Japanese employs onomatopoeia more artfully than any language I’ve encountered.
We have a number of words in English that phonetically resemble the thing they represent: sizzle, murmur, cuckoo. We’ve even inherited some from other languages. Our word barbarian derives from the ancient Greek impression of their uncivilized neighbors, the peoples who spoke like “ba-ba-bar-bar-ba-bar.”
I’m no linguist, but I suspect that’s true of all languages. The neuroscientist Vilyanur Ramachandran argued that human beings are natural synesthetes. Synesthesia is the association of sensory experience from one mode with an entirely different mode: hearing numbers or tasting color.
Ramachandran gave a simple experiment. He showed his audience two shapes, one like the rounded trace of an amoeba and one like a multi-pointed star. He would then ask which was a “kiki” and which a “buba.” Most people associated the amoeba-like shape with the word “buba” and the hard points of the star with “kiki,” which of course has hard consonants to match.
Japanese turns such small spoken sounds into tiny musings on life. The first I encountered was どきどき (doki-doki), which refers to a light thumping or pitter-patter sound. One of Orine’s friends, when talking about starting a new job, turned to me and said “doki-doki.” It was a reference the palpitations of her heart. In common usage, doki-doki doesn’t refer to a sound at all but to an associated feeling: nervousness or anxiety.
On another occasion, Orine ran her fingers over a pillow in a home goods store and said ふわふわ (fuwa-fuwa), which means a fluffy kind of soft — versus, say, pillow foam, which is not hard but which may be coarse to the touch. I asked how many words like that there were — two syllables repeated. After some thought, she wrote out a list of 40. There may be more.
You have to remember, the words we associate with particular sounds are relative. Bees buzz in English, but in German they “sum” and in Korean they “boong.” In English, dogs bark. In Russian, they “gav.” In Japanese, they “wan.” A puppy or small dog (or any dog the speaker thinks is cute, regardless of size) is “wan-chan.”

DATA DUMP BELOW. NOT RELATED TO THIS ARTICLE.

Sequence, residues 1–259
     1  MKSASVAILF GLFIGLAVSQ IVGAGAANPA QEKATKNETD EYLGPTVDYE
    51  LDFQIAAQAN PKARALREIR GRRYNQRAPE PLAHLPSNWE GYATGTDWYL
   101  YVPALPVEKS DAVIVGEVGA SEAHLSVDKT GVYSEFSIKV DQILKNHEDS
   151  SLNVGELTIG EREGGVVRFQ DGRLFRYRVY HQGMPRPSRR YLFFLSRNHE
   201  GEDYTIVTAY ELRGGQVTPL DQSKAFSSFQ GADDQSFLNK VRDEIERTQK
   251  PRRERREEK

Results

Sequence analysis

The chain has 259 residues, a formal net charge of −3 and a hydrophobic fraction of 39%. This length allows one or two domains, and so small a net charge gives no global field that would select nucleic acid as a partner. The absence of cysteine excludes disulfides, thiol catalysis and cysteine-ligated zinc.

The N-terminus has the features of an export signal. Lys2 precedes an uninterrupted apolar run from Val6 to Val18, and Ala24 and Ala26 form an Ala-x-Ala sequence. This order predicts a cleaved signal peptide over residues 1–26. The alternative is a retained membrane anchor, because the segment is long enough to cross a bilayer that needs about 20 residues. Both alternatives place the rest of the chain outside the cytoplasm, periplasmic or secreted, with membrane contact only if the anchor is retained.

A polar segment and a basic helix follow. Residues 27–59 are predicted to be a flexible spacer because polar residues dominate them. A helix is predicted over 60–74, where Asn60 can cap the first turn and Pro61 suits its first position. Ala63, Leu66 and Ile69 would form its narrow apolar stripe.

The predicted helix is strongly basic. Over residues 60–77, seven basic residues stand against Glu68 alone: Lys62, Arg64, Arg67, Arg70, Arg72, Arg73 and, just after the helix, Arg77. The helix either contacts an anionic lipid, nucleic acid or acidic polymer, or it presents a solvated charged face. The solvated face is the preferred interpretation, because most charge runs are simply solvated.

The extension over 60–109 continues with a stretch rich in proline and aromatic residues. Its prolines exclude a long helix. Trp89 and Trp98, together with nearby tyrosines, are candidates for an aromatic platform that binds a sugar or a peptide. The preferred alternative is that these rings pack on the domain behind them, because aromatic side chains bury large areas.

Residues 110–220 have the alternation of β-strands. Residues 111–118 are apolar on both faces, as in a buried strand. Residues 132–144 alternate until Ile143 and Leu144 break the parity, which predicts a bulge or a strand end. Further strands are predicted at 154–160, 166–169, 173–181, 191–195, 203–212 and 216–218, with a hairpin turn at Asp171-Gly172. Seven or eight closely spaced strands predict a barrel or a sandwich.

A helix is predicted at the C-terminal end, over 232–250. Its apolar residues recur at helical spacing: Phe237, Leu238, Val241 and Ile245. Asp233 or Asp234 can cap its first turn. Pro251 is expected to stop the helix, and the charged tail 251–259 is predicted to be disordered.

さらさら (sara-sara), then, is a murmuring or gentle rustling and may also refer to textures reminiscent of that. ボキボキ (boki-boki) is a crackling or crunching sound, such as when one pops one’s knuckles. すべすべ (sube-sube, pronounced subay-subay) means velvety or smooth and may refer to, for example, a young woman’s freshly moisturized skin.
Many of these words, like doki-doki, have extended meanings based on these physical sounds and sensations. くるくる (kuru-kuru) refers to whirling, spinning, revolving, or coiling around, but in casual speech, when an adult says kuru-kuru, they mean that they are working tirelessly, perhaps getting nowhere, or that the circumstances of their life keep changing.
あつあつ (atsu-atsu) is like the sound you make when you sip something piping hot, and that’s exactly what it means — piping hot, such as how ramen should be served, but it can also mean passionately in love, almost unreasonably so. ピカピカ (pika-pika) is a twinkling or sparkling. Hence the name of everyone’s favorite Pokemon, Pikachu.
ギリギリ (giri-giri) is a grinding sound, like metal on metal — car brakes, for example, as the vehicle grinds to a halt. Poetically, it also means “at the last moment” or “just barely,” such as showing up to one’s wedding right before the bell or barely passing a test.
The Japanese language, then, is rich with the feelings of sounds and textures. My favorite is のびのび (nobi-nobi), because it applies to me. It refers to a kind of stretching out, a carefree ease, but also to the repeated slipping of a schedule, a pushing-out of responsibilities, procrastination.
Speaking of, I best get back to work…